Reviewed by Janine Rumble
Last night I visited the Royal & Derngate theatre in Northampton to watch the Russian State Ballet of Siberia perform William Shakespeare’s romantic tragedy of Romeo and Juliet. It was an amazingly colourful and romantic production, accompanied by the very talented Orchestra of the Russian State Ballet.
We were promised that the Russian State Ballet of Siberia would bring outstanding performances and breath-taking physical ability and they certainly did not disappoint. I was in awe as I watched spellbound at their take on Shakespeare’s tale of passion and tragedy, brought to life by Prokofiev’s soaring score, with emotionally charged choreography that befits the world’s greatest love story.
Most people know the story of the doomed lovers Romeo and Juliet and it was amazing to watch the journey of their love, until its bittersweet end. The choreography by Sergei Bobrov was superb and really brought to life the story through exquisite movement by all of the ballet dancers. The set was very simple, showing backgrounds that transported us to fair Verona. This simplicity added beautiful detail that enhanced the overall feel of the ballet. The lighting was beautiful and blended in well with the set. The set designer Dmitry Tcherbadzhi also designed the costumes, which were truly spectacular and also enhanced the watchers understanding of who was who and I especially liked how they used different colours to show who were the Capulets and who were the Montagues. I also liked how four of the dancers, Romeo and Mercutio’s friends were dressed as musical instruments, this was very cleverly done and you could see which musical instrument they were meant to be.
“Two households, both alike in dignity. In fair Verona, where we lay our scene. From ancient grudge break to new mutiny. Where civil blood makes civil hands unclean. From forth the fatal loins of these two foes. A pair of star crossed lovers take their lives.”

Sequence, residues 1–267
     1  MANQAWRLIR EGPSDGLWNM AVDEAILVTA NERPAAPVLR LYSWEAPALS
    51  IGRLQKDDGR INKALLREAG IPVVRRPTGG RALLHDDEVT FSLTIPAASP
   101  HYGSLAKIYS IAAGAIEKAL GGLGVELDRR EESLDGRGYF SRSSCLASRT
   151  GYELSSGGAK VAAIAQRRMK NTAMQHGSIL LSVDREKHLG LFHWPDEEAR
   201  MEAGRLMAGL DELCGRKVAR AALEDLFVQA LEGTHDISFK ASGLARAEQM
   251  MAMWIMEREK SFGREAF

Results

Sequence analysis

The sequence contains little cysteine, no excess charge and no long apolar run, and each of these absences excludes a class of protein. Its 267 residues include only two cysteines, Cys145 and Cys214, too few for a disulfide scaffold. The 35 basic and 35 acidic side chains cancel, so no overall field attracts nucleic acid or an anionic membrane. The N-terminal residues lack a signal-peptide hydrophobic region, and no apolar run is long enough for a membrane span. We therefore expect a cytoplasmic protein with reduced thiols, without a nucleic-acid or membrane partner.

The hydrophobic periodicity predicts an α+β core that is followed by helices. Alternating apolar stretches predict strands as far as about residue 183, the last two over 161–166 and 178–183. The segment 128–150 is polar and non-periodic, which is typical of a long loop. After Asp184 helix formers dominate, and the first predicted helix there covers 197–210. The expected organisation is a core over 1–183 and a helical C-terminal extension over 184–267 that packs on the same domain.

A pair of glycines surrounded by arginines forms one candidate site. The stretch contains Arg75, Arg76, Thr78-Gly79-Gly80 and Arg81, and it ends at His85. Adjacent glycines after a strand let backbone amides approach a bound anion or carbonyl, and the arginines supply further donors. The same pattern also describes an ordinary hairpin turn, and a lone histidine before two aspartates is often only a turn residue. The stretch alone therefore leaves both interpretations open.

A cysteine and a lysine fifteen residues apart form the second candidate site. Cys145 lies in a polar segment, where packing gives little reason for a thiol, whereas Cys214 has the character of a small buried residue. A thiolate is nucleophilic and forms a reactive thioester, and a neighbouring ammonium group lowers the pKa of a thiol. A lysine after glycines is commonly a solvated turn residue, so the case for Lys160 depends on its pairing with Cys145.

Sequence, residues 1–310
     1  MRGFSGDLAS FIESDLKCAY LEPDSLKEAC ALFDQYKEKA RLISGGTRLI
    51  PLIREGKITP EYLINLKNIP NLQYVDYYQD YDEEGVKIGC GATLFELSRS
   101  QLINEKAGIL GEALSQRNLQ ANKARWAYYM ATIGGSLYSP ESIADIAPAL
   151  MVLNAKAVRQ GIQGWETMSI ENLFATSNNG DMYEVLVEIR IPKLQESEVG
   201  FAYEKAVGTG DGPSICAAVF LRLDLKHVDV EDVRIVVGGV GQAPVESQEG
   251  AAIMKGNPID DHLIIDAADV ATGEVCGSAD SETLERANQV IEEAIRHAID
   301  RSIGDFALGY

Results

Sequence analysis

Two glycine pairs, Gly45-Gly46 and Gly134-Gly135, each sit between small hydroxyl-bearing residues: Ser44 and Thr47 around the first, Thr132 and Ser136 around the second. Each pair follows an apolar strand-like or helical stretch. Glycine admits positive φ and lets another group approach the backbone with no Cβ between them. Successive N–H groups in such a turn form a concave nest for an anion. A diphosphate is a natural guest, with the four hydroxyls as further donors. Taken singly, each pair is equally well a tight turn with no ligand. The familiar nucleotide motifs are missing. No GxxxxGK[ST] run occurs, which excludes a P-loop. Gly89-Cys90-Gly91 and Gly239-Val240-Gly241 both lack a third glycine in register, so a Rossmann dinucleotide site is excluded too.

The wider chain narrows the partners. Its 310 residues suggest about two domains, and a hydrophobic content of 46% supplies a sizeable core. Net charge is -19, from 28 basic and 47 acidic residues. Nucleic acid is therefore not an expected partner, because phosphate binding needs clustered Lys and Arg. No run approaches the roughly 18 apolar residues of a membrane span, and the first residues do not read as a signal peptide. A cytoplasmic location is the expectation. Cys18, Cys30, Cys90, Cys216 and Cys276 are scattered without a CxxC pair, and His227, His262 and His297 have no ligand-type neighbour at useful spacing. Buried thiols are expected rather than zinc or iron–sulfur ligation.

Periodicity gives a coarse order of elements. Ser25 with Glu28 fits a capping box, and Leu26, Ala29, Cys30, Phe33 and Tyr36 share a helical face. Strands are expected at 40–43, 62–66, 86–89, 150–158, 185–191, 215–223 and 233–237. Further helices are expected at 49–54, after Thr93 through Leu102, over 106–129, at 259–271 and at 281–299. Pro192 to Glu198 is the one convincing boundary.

The ballet began in the marketplace with the people of Verona celebrating a Spring festival. Mercutio, Romeo’s friend, danced by Daniil Kostylev, performs a dance mocking the infamous and long-standing feud between the Montagues and the Capulets. Tybalt, Capulet’s nephew, danced by Ivan Karnaukhov, picks a fight with Lord Montague, danced by Alexander Kuimov and a fight between the families. The fight scene, including swords was beautifully choreographed and performed and you could feel the tension between the two families.
Romeo, danced by Yury Kudryatvtsev appears for the first time lost in thought and is then persuaded by Mercutio to secretly attend Lord Capulet’s grand masked ball.
Juliet, danced exquisitely by the beautiful Ekaterina Bulgutova appears with her nurse, danced by Anna Amelchenko. Juliet’s mother, Lady Capulet, danced by Elena Svinko who took her to meet Paris, danced by Dmitry Diachov, the man she was to marry, then joins them. Instead, she only has eyes for Romeo. Upon discovering Romeo within their midst, Lord Capulet, danced by Denis Kazarin calls for the guests to leave and whisks Juliet away to her room. Unbeknownst to him, Lady Capulet invites Tybalt to her room. The dancing and the costume changes to show what was happening between the two were very subtle.
Romeo sees Juliet on the balcony and they dance elegantly together through the garden, declaring their love for each other. Upon parting at dawn, Mercutio and his friends (the musical instruments) mock Romeo, who is then given a letter by Juliet’s nurse. We then see Juliet’s nurse help her get ready for her clandestine marriage to Romeo.